Tell your child to be happy. Parents and other adults who care for youngsters typically tell them what to do and what not to do. Many parents are quick to criticize what their child hasn’t done or has done incorrectly but are less likely to point out the good things that youngster has done. However, it’s important to emphasize the good. In order for your youngster to feel loved, welcomed, and appreciated, positive expressions must really exceed negative ones. Positive comments include things like expressing gratitude for their assistance (even if it was a chore), paying them a compliment, or expressing your pride in them.
Your youngster deserves your love. Affection is necessary regardless of age, albeit the degree of it in your connection with your child may alter over time (the majority of teenagers do not desire affection from their parents, especially in public). Make sure you are embracing, kissing, or even just giving your child a pat on the back. Your child will know you care about them and are there for them if you show them affection.
You should face your child. Try your best to respond positively to your child when they make an effort to connect. When your child requires constant care and you are busy, this chore can seem impossible. Remember, though, that being responsive doesn’t necessitate giving them exactly what they ask for. Saying “Honey, I hear you and I want to play with you too” is all that is necessary. We can play together once I finish doing the wash. When the parent is using their phone or another device, I frequently witness failed bids between parents and children.
Be enquisitive about their society. Get to know your child by asking them about their day and their interests. General queries should be avoided in favor of specific ones. For instance, asking “What was the most enjoyable part of your day?” can elicit a more thorough response than just asking “How was your day?” Asking your children about their day over dinner is a terrific way to engage with them. Be sure to listen carefully and take note of everything they say.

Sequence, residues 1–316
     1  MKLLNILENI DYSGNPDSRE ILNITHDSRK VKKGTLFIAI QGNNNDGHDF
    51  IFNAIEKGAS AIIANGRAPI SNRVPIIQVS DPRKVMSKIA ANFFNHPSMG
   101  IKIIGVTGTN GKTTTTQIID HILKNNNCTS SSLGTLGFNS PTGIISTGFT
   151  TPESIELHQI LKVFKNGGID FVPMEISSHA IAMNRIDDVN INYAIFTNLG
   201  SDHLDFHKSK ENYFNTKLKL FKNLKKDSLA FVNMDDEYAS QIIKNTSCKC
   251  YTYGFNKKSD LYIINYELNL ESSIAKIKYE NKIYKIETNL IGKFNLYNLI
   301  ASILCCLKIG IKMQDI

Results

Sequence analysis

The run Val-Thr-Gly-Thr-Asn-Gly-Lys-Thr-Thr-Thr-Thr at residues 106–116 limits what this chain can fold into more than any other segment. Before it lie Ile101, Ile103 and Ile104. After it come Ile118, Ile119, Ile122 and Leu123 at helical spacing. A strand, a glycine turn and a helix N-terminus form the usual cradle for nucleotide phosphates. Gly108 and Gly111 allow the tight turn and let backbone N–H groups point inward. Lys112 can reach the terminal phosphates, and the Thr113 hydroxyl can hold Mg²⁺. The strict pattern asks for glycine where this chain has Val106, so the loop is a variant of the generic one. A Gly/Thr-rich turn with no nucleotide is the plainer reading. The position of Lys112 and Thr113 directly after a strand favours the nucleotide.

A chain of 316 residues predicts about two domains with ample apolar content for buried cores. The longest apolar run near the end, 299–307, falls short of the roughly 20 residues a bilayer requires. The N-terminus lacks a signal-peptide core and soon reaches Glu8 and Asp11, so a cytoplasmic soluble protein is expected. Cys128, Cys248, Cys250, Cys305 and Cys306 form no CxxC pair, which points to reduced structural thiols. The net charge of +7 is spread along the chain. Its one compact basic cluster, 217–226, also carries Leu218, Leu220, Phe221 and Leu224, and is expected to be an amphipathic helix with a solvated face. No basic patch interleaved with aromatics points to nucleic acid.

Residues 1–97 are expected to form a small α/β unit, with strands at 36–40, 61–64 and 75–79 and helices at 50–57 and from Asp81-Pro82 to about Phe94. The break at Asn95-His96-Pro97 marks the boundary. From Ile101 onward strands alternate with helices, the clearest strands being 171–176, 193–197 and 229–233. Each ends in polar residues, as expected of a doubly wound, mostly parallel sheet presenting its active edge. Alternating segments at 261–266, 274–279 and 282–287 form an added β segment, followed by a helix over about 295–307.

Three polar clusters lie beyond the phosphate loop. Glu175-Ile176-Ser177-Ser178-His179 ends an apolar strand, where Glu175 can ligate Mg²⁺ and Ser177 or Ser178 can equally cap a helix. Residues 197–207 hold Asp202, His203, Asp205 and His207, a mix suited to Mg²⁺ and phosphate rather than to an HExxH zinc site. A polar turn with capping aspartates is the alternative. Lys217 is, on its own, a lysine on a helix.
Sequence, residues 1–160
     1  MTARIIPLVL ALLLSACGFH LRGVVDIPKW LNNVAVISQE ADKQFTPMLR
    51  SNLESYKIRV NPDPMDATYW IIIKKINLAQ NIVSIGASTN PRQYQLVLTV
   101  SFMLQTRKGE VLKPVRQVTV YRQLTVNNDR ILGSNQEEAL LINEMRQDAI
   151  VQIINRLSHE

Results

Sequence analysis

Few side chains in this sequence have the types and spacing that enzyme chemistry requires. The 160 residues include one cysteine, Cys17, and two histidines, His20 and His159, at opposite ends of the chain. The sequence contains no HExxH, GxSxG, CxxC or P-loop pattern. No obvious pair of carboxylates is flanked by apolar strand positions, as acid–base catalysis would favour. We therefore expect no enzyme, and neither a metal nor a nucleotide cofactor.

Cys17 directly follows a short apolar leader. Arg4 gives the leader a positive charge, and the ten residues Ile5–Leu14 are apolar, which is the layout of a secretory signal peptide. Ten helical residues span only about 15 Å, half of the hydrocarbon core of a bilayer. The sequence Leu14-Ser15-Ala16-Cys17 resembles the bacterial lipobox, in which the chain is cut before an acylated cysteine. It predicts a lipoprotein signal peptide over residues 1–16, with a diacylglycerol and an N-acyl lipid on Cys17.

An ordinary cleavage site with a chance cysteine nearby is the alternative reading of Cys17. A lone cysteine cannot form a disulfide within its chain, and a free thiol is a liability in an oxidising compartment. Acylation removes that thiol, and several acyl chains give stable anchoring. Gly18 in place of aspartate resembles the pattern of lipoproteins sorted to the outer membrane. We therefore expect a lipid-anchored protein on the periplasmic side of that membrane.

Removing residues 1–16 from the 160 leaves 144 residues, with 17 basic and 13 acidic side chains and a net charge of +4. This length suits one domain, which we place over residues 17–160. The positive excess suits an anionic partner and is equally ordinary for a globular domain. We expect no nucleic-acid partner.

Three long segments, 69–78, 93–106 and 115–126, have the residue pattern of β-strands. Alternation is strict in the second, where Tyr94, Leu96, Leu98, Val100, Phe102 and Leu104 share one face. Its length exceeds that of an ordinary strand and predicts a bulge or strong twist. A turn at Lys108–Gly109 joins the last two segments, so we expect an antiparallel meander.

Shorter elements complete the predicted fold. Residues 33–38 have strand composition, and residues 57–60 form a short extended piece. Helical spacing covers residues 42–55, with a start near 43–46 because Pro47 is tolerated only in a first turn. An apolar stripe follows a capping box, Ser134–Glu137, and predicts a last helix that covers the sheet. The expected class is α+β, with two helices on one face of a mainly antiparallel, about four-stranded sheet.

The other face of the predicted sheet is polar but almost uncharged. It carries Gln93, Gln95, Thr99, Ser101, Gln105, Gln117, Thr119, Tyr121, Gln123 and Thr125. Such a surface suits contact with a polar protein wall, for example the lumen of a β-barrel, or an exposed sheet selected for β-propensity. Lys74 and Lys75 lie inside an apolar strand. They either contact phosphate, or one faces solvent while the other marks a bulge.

Together, spend some time. It doesn’t need to take much time. A tremendous message that you care about and love your child is sent when you spend even 10 minutes a day doing something they enjoy doing together. It will be more likely to happen if you schedule this special time into your schedule.
Resolve any tense exchanges between the two of you. Thank god, successful parenting does not need perfection. However, when you make a mistake, you must fix it. We all have bad days, forget to place our bids, or act poorly toward our children over little things. We are all human. The repair, nevertheless, is crucial. Resolving a conflict with your child reassures them that you will be there for them always, no matter what. Additionally, it imparts to them useful abilities in taking accountability and mending relationships. When they unavoidably disagree with others in the future, this will aid them.
Parenting is challenging, but by spending regular, small amounts of time with your child, you can develop a relationship that will help them succeed in life.